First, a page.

The gender wage gap is a serious problem across the world, with women consistently earning less than men. Data from 13 million employees in the U.S. in 2019 showed that, on average, women earn 79% of men's wages — and it's worse for women of color, who earn on average 4% less than white women. One of the major causes of the gender pay gap, according to experts, is the "motherhood penalty," where women are penalized in various ways in the job market after having children. One solution to the gap is emerging among researchers: non-transferable paternity leave for men.
The U.S. is the only industrialized country in the world without any kind of federal law guaranteeing paid parental leave for either parent. Experts tell Bustle that the lack of paternity leave could be a serious obstacle for parents in mixed-gender relationships to overcome the earnings gap caused by having kids.
"Motherhood penalties describe the systematic disadvantages mothers face in the workplace compared to childless women and men," Allison Dunatchik, a Senior Researcher at the National Center for Social Research who published a study on the motherhood penalty and paternity leave in 2019, tells Bustle. "Most explanations stem from the fact that even in 2019, mothers perform a disproportionate amount of unpaid work within the household, performing the lion’s share of childcare and housework even in two-parent households."
To cope with those responsibilities, Dunatchik tells Bustle, women often adopt strategies like temporarily leaving the workforce, reducing their working hours, or moving jobs to more family-friendly employers. "Each of these strategies tend to have negative consequences for women’s career trajectories and long-term earnings," she says. The impact of motherhood on wages can also be the product of discrimination. "Evidence suggests that employers tend to perceive mothers as less productive and less competent than men and childless women," Dunatchik says.
It's not just a problem for people in heterosexual relationships. These gaps also impact same-sex parents, though a 2019 study from Norway has shown that it doesn't affect them as deeply as parents in mixed-gender relationships. The gender pay gap is a product of patriarchy, so solutions tend to focus on the experiences of cis women co-parenting with cis men.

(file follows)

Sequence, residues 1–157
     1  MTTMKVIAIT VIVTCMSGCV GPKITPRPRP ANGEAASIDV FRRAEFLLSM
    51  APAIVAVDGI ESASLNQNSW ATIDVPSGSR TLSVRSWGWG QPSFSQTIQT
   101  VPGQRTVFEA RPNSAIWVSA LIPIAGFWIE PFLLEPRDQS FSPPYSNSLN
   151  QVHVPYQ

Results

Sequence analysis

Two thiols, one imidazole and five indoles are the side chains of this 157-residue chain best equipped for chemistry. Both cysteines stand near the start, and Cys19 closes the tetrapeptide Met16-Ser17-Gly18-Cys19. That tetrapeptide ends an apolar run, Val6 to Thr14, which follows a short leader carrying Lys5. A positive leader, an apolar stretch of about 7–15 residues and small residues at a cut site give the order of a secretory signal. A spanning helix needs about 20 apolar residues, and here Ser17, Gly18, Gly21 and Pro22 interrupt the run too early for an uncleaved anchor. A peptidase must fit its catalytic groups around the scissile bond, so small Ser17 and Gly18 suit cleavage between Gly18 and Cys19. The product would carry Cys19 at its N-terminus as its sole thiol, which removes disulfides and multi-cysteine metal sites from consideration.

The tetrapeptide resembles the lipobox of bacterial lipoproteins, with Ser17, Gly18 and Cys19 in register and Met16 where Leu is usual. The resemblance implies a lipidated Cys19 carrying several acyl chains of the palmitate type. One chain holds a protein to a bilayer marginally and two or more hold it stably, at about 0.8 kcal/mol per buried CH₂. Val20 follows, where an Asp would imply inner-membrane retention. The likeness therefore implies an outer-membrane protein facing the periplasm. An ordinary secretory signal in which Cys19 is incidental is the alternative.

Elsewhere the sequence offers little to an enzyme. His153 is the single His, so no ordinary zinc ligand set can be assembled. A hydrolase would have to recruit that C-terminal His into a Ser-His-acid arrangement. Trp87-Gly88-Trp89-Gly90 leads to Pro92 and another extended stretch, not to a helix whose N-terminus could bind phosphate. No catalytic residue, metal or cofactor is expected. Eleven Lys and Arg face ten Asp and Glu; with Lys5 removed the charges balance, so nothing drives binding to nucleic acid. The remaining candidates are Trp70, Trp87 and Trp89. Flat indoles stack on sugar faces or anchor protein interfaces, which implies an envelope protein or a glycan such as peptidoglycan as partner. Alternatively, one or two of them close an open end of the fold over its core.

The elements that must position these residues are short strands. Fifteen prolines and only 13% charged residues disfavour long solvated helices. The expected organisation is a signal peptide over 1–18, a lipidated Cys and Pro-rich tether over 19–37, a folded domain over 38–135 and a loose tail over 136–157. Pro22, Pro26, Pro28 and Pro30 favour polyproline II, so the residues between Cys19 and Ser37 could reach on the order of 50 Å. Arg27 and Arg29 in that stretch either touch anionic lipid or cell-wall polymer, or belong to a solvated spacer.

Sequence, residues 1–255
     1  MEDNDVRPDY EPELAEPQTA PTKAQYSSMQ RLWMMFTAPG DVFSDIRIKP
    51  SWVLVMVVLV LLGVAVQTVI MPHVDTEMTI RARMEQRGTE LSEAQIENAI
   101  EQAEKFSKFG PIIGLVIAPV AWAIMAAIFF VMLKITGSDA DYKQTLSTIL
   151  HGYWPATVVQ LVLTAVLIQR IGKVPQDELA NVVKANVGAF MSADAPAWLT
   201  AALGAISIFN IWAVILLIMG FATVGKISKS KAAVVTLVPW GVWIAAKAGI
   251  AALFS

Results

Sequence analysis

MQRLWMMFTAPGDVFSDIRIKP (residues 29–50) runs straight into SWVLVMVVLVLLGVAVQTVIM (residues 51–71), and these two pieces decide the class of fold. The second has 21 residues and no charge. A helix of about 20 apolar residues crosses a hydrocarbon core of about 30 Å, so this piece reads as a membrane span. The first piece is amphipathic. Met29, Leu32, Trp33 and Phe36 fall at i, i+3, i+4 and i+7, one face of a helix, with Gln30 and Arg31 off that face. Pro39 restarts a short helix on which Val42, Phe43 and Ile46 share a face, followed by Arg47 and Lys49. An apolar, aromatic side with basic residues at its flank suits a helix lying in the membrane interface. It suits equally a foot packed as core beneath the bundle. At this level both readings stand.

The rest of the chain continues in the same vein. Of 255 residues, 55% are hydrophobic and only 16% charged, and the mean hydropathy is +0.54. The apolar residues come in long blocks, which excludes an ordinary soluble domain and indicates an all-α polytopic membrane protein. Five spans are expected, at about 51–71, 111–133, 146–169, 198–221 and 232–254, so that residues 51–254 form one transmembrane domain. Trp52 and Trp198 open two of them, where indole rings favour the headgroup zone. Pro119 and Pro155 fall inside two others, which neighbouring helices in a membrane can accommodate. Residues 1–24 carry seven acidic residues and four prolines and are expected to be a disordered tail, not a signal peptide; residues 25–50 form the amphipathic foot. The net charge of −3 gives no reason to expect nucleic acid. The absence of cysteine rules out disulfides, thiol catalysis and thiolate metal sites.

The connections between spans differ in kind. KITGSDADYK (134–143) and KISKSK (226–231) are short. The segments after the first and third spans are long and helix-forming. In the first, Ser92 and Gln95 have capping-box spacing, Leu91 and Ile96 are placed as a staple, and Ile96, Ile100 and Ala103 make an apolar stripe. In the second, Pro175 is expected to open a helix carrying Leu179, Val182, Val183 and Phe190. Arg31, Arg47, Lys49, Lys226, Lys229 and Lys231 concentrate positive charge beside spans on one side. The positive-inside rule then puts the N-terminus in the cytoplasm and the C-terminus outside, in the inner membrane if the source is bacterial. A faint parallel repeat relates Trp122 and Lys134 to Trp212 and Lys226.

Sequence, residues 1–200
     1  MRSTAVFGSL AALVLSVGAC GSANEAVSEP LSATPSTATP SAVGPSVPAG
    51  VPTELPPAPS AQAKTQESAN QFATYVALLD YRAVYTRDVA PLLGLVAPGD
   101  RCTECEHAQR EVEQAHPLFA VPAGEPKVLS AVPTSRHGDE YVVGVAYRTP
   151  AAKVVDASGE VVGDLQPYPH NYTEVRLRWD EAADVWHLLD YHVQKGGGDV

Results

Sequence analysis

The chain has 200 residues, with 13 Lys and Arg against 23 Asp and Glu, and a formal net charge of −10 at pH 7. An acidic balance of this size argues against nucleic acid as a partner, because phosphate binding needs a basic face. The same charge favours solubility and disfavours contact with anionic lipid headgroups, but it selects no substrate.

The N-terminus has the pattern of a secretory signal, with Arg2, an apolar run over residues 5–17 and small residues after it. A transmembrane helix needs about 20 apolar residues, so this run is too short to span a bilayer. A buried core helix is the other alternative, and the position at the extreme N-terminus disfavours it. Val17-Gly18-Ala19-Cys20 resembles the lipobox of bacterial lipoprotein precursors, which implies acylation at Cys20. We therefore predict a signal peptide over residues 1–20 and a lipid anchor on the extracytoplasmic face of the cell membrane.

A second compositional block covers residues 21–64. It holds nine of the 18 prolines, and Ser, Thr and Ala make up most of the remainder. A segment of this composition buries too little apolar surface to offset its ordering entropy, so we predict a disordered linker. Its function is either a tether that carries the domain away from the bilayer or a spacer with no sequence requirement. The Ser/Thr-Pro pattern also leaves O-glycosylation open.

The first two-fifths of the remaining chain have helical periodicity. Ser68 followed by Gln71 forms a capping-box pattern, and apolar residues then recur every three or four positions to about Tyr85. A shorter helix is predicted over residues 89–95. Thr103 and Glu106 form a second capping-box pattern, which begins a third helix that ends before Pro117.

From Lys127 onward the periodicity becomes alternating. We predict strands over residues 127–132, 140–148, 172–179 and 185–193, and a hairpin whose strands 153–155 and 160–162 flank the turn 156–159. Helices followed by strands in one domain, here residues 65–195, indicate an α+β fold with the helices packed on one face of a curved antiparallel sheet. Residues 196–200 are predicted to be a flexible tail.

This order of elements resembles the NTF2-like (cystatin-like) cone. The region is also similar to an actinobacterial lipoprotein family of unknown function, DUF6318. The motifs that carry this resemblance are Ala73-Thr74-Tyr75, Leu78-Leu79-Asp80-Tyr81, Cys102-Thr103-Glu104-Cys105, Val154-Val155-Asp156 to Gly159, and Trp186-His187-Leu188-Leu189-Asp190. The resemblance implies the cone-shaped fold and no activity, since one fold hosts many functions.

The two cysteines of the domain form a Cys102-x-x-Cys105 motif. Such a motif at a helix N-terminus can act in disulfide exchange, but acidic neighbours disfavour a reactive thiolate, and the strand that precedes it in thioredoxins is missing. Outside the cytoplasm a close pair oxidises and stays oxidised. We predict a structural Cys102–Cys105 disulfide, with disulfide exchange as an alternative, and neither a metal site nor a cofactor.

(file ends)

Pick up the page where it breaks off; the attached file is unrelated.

Over time, the motherhood penalty can be significant. A study in 2018 that focused on Denmark found that over time, mothers earned up to 20% less than men over time, whether the men were parents or not. Significantly, Denmark has generous parental leave policies, offering up to a year of paid leave to new parents — but their law allows the leave to be transferred between parents, and the study found that women would take the majority of the leave, with consequences for their earning later.
That's where the idea of the "daddy quota" comes in. Dunatchik and her co-author, Dr. Berkey Özcan, studied the effects of parental leave especially for fathers, where they couldn't transfer their time off to their partners. "We wanted to know whether policies incentivizing fathers’ participation in childcare could help to counteract some of the motherhood penalties women face in the labor market," Dunatchik tells Bustle. They studied the daddy quota in Quebec, Canada, which allows a new father five weeks of paid parental leave, over a period of five years.
"Our main finding from this study was that the policy did in fact improve a variety of employment outcomes among mothers with a male partner," Dunatchik says. "As a result of the policy, these mothers were 5% more likely to be in the labor force, 5% more likely to work full time, 5% less likely to work part-time and 4% less likely to be unemployed than they would have been without the policy."